Posts Searching Through All systemd Unit Files for a String

Searching Through All systemd Unit Files for a String

I was recently working on an issue where I had a systemd service that I didn’t want to run anymore (but I didn’t want to remove the service itself, and I also didn’t want to mask it). The obvious attempt was to disable it, to remove any symlinks that would tie this unit to another unit. But I noticed that on reboot this service was still started! And I needed to find out what was starting the service.

I realized that there was a good chance this was because of a dependency directive (After, Requires, etc.) in another unit that was causing this service to start. With this in mind, I knew I would want to grep through all of the units. My first attempt was to run systemctl cat *. Unfortunately I ran into an error early on in this attempt: “No files found for ”. [I'm trying to find out if this is normal behavior, or not]( but in this case `systemctl cat` was not going to be my solution.

I came up with a one-liner alternative. Although quite a bit more verbose than a single systemctl cat, it proved to be more effective:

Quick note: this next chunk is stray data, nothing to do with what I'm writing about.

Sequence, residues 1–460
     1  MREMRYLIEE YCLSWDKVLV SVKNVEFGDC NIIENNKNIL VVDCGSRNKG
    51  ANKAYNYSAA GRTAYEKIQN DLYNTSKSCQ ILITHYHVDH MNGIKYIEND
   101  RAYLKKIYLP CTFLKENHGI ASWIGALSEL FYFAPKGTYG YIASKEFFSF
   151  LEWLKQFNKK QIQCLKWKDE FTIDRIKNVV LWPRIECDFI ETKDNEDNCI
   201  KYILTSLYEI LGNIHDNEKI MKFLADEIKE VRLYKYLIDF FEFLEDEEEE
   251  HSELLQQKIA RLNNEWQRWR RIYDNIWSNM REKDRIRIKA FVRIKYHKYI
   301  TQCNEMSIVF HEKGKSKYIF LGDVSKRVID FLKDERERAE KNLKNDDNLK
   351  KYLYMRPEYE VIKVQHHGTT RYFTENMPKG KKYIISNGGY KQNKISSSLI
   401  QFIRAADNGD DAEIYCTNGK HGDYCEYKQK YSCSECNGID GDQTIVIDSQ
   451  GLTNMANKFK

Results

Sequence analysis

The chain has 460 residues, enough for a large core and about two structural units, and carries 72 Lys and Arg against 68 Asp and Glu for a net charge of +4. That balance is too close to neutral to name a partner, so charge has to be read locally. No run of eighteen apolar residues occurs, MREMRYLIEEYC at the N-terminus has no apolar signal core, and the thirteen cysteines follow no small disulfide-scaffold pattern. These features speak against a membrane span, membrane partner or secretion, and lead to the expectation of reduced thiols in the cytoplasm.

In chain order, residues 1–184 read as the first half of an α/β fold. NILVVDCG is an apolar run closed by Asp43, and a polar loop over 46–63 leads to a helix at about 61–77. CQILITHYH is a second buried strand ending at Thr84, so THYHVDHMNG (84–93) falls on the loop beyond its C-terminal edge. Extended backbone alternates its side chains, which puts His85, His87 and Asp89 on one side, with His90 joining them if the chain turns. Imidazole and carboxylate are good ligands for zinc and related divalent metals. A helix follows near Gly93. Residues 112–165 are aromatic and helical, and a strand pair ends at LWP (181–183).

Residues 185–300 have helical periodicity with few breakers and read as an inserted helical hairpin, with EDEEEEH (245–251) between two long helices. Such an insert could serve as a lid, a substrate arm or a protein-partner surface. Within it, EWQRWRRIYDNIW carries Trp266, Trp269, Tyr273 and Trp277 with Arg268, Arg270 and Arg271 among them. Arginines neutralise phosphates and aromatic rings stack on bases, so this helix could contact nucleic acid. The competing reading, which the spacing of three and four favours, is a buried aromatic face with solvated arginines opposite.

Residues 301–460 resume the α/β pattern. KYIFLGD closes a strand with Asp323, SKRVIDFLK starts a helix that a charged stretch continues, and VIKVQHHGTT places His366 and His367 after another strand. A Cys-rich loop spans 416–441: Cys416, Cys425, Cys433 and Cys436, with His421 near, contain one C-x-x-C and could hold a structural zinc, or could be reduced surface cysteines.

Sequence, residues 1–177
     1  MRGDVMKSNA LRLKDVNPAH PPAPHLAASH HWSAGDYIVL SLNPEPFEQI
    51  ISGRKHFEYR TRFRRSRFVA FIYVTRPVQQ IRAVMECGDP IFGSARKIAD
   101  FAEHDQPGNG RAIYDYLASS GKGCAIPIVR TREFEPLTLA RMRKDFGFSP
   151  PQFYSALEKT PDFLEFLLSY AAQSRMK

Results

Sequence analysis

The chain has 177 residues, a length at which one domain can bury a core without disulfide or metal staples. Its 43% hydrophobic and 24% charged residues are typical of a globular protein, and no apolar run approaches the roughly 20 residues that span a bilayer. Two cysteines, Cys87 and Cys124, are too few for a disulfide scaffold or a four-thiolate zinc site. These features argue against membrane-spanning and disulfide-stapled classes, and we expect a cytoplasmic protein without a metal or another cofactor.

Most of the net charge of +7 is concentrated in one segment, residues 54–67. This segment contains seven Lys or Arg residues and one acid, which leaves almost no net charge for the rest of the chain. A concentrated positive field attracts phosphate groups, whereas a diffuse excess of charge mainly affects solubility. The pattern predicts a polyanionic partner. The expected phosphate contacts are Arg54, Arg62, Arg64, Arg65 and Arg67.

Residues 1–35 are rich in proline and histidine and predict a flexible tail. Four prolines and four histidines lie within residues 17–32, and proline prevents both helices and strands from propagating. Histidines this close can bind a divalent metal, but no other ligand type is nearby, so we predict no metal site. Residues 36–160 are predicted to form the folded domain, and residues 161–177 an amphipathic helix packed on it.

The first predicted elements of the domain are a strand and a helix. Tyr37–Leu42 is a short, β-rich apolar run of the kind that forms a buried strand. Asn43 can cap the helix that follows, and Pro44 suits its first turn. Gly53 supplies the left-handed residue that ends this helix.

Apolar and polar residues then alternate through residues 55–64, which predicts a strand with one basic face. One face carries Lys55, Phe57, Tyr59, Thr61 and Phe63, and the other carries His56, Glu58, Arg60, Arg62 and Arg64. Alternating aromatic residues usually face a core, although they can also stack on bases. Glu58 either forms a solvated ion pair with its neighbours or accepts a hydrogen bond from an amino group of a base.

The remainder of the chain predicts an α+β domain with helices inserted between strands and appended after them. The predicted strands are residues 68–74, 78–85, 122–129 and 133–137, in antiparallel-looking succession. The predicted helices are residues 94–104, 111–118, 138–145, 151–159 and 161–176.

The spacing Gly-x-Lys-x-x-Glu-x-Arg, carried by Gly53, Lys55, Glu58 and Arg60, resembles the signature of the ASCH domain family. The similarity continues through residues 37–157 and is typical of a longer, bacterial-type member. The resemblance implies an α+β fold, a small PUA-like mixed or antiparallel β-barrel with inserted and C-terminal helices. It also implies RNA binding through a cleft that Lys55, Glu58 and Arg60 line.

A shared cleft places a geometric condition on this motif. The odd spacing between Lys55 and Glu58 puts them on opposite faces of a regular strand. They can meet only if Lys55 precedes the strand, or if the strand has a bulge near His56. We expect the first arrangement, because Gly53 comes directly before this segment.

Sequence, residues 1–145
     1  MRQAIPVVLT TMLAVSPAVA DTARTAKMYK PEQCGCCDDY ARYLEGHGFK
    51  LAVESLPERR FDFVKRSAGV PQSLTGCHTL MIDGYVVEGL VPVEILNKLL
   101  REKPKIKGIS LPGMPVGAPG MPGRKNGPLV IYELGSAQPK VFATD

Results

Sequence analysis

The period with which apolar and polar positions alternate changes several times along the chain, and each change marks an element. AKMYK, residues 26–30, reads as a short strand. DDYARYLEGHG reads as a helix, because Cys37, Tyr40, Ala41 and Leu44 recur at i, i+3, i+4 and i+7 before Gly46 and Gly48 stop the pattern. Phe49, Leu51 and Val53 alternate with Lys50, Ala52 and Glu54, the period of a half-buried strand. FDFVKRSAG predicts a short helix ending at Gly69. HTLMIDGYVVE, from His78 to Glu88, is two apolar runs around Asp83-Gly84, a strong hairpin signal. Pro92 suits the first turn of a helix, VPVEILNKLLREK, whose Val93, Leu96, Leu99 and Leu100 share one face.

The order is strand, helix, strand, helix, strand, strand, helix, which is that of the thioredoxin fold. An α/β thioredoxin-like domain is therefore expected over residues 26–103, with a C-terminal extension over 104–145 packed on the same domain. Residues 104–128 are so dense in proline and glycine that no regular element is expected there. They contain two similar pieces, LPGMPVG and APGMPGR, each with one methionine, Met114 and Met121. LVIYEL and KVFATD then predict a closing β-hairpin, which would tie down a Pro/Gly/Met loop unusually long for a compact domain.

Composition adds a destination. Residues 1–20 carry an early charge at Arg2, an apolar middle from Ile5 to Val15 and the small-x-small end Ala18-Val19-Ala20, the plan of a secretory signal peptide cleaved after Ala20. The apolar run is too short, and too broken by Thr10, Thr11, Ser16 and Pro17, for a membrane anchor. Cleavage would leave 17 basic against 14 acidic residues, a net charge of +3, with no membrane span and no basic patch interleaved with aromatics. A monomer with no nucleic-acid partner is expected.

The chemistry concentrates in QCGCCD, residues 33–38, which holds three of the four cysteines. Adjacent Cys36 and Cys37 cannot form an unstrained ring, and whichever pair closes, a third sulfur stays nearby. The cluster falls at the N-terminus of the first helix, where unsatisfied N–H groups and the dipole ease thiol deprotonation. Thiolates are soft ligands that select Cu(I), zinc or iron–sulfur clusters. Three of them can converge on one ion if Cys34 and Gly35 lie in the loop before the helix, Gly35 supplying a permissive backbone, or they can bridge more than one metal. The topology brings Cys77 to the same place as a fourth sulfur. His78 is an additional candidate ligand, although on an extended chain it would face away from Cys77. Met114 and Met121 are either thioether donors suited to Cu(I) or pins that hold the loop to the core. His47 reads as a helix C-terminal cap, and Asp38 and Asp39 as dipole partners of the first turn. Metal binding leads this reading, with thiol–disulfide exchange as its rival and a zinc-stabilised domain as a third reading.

$ systemctl list-units --all --no-legend | 
    awk '{print $1}' | 
    xargs -n1 -i sh -c 'systemctl cat "{}" 2> /dev/null | grep cloud-init | xargs -n1 -iJJ echo !!!{}!!! JJ'

In my case, I was looking for the string “cloud-init” (that was the unit name that I was searching for) in other units.

I had to add a ... | grep -v '!!!cloud' hide any of the corresponding cloud-init services to reduce the noise in the output. Here is what I found:

systemd search output for units

And there it is! I can see that the mnt.mount unit has a Requires=cloud-init.service dependency directive. This is the offending unit that was causing my unit to run (when I didn’t want it to).

Piping together a few commands, and nested xargs (yikes!), we are able to grep through all units on the system quickly. If you ever have the requirement to search through all unit files on a machine, then hopefully this post will be useful!

This post is licensed under CC BY 4.0 by the author.